At a plush hotel in Whitehall, I’m waiting to see if, after 18 months of planning, I’m about to interview Johnny Depp. Loitering at the bar with me is Bruce Robinson, the writer/director of Withnail and I, as well as Depp’s latest film, The Rum Diary.
“What’s happening?” Robinson asks. I tell him I honestly haven’t a clue.
I do know Depp’s films are among the highest-grossing in the history of cinema—Pirates of the Caribbean has made £2.5 billion and Depp has earned £80 million in the past two years, vying with Leonardo DiCaprio as the highest-paid actor in Hollywood—and he neither enjoys nor needs to do publicity. When he does engage with the world at large, which is rarely, it’s on his own terms.
At the recent GQ Men of the Year awards he presented an award to his good friend Keith Richards, but spent most of the time in his own private room nursing an expensive bottle of wine.
Finally a car arrives to take Robinson to Depp. I’m instructed that Christie, Depp’s sister and a key member of his entourage, has organized another car for me in half an hour’s time.
On cue, a silver Mercedes turns up, and within 15 minutes I arrive at a small street off Park Lane. Huge white electronic gates open to reveal, in magical style, the courtyard of a seven-bedroom, early-19th-century, £50 million Mayfair mansion, which Depp is renting. I’m led into an enormous hi-tech kitchen, where Depp, dressed in jeans, T-shirt and heavy boots, waits to greet me.
His thick black hair is cut shorter than usual, for the part he’s playing in Dark Shadows, a Tim Burton vampire movie being filmed at night at Pinewood Studios. He’s clean-shaven and rather pale, I suspect from spending his days sleeping and working nights.
We walk through a lounge littered with six or seven guitars, books and computer equipment, and into a dining room heavy with abstract art and African sculptures, where Robinson is waiting for us. A bottle of Château Haut-Brion 1996 (£364) and three glasses are on the table. One of his assistants brings some sandwiches as Depp sits down at the table.
He rolls a cigarette and asks, “What do you want to know?”
At the height of his fame, Depp, now 48, has become increasingly reclusive. He says he doesn’t enjoy the attention of paparazzi or fans with camera phones. Out in public he feels uneasy. He’s more at home, ironically more “himself,” on set in front of a camera.
“I don’t know when it happened exactly,” he says, removing his thick-rimmed black glasses and placing them on the table in front of him.
“Outside in life people are looking and staring at you. You see them taking your picture all the time with their iPhones. You become a kind of novelty in the world.
“At some point, it became more honest for me on set. I understand it—everything is defined. Here are the lights, here’s the scene I have to do. It has become very natural, while the outside world has become unnatural. It’s bizarre, because I’ve done interviews where there’s a camera on and I still feel uncomfortable. Yet if it’s a scene and I’m in character, then I’m not.”
Depp has always felt like a misfit. His Kentucky-based family relocated to Florida when he was seven, and subsequently moved houses over 20 times.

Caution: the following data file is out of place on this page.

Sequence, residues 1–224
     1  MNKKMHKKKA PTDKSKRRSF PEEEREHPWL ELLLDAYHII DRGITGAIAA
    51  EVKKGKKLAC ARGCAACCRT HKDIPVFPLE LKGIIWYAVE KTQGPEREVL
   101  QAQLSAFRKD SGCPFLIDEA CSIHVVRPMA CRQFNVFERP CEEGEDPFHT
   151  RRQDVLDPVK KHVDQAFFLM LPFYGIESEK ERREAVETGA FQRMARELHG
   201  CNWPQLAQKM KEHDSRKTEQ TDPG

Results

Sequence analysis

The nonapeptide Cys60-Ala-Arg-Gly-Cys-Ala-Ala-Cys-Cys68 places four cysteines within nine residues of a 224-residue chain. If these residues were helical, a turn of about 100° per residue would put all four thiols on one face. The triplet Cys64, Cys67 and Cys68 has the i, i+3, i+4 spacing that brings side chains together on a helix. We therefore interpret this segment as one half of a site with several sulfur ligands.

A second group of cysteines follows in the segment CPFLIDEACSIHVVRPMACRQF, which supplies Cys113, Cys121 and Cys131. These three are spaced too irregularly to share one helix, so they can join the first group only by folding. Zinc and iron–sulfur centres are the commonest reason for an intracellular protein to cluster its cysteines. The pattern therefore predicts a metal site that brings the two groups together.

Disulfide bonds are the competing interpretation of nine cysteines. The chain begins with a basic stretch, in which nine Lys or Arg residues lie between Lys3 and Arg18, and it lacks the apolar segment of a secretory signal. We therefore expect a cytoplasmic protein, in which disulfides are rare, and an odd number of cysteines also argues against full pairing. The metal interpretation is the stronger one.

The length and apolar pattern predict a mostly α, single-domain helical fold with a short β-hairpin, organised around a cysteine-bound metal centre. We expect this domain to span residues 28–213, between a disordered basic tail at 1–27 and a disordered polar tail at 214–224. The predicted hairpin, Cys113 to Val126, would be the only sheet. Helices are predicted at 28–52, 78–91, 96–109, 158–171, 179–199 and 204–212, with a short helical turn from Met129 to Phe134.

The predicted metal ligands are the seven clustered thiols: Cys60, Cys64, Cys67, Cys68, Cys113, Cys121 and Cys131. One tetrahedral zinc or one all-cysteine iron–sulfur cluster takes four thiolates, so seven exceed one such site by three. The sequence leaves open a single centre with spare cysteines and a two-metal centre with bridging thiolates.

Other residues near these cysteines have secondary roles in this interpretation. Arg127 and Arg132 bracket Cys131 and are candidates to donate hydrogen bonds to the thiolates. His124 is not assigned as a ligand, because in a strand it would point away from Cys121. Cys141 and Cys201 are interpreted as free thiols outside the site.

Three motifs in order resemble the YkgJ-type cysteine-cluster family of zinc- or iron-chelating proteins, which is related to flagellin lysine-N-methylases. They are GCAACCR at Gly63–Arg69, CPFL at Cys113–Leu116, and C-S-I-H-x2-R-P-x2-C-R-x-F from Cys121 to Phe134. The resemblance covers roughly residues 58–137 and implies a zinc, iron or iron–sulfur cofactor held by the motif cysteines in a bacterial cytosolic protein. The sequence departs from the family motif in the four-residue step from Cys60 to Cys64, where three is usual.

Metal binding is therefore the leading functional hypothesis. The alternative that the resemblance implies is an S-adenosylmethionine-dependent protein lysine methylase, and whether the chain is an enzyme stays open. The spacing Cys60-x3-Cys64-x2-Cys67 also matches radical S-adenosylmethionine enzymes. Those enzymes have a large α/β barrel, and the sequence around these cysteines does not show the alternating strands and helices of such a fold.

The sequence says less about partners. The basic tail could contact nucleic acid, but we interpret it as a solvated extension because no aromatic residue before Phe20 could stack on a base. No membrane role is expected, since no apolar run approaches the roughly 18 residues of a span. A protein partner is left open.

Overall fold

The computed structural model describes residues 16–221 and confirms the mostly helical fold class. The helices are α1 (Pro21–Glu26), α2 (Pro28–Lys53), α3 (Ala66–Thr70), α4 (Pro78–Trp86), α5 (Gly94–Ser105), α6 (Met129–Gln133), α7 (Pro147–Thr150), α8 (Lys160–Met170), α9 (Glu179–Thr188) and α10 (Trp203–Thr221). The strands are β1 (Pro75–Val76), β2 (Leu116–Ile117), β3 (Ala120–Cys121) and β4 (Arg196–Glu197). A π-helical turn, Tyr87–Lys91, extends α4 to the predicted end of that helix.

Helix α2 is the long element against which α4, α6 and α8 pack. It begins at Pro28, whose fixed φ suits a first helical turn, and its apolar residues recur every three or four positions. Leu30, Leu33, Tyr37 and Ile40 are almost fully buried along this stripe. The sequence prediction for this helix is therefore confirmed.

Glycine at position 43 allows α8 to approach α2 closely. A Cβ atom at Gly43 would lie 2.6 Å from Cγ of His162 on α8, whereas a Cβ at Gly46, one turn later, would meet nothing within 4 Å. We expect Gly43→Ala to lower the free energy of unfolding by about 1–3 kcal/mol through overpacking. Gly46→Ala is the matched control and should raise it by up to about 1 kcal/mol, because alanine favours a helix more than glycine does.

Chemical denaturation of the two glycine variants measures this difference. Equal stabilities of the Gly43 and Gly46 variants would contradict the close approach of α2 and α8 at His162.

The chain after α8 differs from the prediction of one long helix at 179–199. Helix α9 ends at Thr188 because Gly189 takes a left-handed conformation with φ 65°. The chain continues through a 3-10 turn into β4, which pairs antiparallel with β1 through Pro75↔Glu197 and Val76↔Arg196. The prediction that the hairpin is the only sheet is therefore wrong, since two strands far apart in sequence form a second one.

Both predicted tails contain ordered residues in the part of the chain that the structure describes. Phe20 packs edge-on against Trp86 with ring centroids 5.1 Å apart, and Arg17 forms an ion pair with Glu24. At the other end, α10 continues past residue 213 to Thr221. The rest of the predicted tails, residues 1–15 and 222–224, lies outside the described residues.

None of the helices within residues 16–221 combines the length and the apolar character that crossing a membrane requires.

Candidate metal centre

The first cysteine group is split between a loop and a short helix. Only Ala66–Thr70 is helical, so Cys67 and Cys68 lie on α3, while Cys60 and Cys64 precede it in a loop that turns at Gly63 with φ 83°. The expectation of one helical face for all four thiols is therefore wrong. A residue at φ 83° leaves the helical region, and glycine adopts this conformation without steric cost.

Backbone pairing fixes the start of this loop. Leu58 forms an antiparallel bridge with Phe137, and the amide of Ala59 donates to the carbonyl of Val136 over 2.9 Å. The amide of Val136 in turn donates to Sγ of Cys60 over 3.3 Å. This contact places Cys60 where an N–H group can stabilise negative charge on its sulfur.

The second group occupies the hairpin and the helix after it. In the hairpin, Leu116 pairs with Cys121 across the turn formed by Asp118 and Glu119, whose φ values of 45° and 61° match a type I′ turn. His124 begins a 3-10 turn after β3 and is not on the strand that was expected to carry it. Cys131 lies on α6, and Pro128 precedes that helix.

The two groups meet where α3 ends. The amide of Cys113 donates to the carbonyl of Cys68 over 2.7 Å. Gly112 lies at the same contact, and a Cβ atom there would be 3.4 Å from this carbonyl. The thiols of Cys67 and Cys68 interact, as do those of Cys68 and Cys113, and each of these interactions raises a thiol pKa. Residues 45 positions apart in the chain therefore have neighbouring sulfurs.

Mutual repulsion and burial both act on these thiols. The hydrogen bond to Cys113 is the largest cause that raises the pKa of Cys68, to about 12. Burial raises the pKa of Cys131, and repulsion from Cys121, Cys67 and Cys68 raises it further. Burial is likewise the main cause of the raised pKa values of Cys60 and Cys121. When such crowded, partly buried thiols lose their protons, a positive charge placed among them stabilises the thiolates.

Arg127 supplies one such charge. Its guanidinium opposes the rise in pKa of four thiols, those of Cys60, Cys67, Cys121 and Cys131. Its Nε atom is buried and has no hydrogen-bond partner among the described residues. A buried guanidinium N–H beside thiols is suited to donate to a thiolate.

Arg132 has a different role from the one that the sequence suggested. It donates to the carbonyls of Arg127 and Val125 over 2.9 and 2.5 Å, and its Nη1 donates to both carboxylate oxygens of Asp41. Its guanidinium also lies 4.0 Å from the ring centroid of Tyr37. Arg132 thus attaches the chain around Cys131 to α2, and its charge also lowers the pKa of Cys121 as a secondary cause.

“I was all over the place and always the new kid at school, which is never easy,” he says.
“And now I go out and meet kids at premieres to say thank you and sign autographs. I remember many years ago this one kid, a little girl with glasses, maybe 12 or 13, said, ‘Thank you for making glasses cool.’ You imagine the history of haranguing this poor kid had endured—four-eyes, or whatever they called her. It really got to me.
“If someone is being bullied or feels like an outsider and they relate to something that I’ve done, even if it’s just igniting a spark, that’s great. I had that feeling as a kid. I was messed with no end. And then you fight back—and that’s the rage that’s just under the surface, and in the end it comes out.
“I find it disheartening these days that everybody is like everybody else. Less and less you see real individuals. They all wear their trousers down below their crotch. I don’t understand that kind of lemming mentality.”
Depp’s close friendships are typically with iconoclastic celebrities such as Keith Richards, Marlon Brando and Hunter S Thompson, the author and journalist famed for his 1971 novel Fear and Loathing in Las Vegas and the invention of first-person gonzo journalism.
“The common link with these people is that they’re all outsiders, straight shooters. My grandfather was too (he was a moonshine bootlegger during the Depression); he was a great guy.”
On filming Pirates . . . with Richards, he says, “I’d have my glass of wine and he would have his usual. I’ve no idea what that is, because it looks like nuclear waste. We’d just hang out.
“I’ve had relationships with amazing people in my life, individuals who play by their own rules, who in a way are totally indefinable. Hunter was intimidating. He could decimate people. He had an allergy to bullshit and I can’t stand it either.”
The Rum Diary is based on a Thompson novel written in 1959 that lay unpublished until Depp discovered the manuscript at the writer’s home in 1997.
Depp plays reporter Paul Kemp—a semi-autobiographical character in the book–who arrives in Puerto Rico to take up a job on a newspaper. Surreal, hilarious and at times an ode to excess, the film is a searing indictment of corrupt capitalists ravaging paradise in Latin America.
It was born of a promise Depp gave Thompson that his book would make it to the screen. Depp had been friends with the writer for a decade when he committed suicide by shooting himself in 2005.
“It was the one promise I made to Hunter,” says Depp, “apart from shooting him out of a cannon.”
This is a reference to Thompson’s spectacular send-off, with Depp commissioning the construction of a cannon to fire his friend’s ashes into the sky at his wake.
“It became more important after Hunter made his exit. I had to finish this dream we had for both of us. I felt more responsibility.”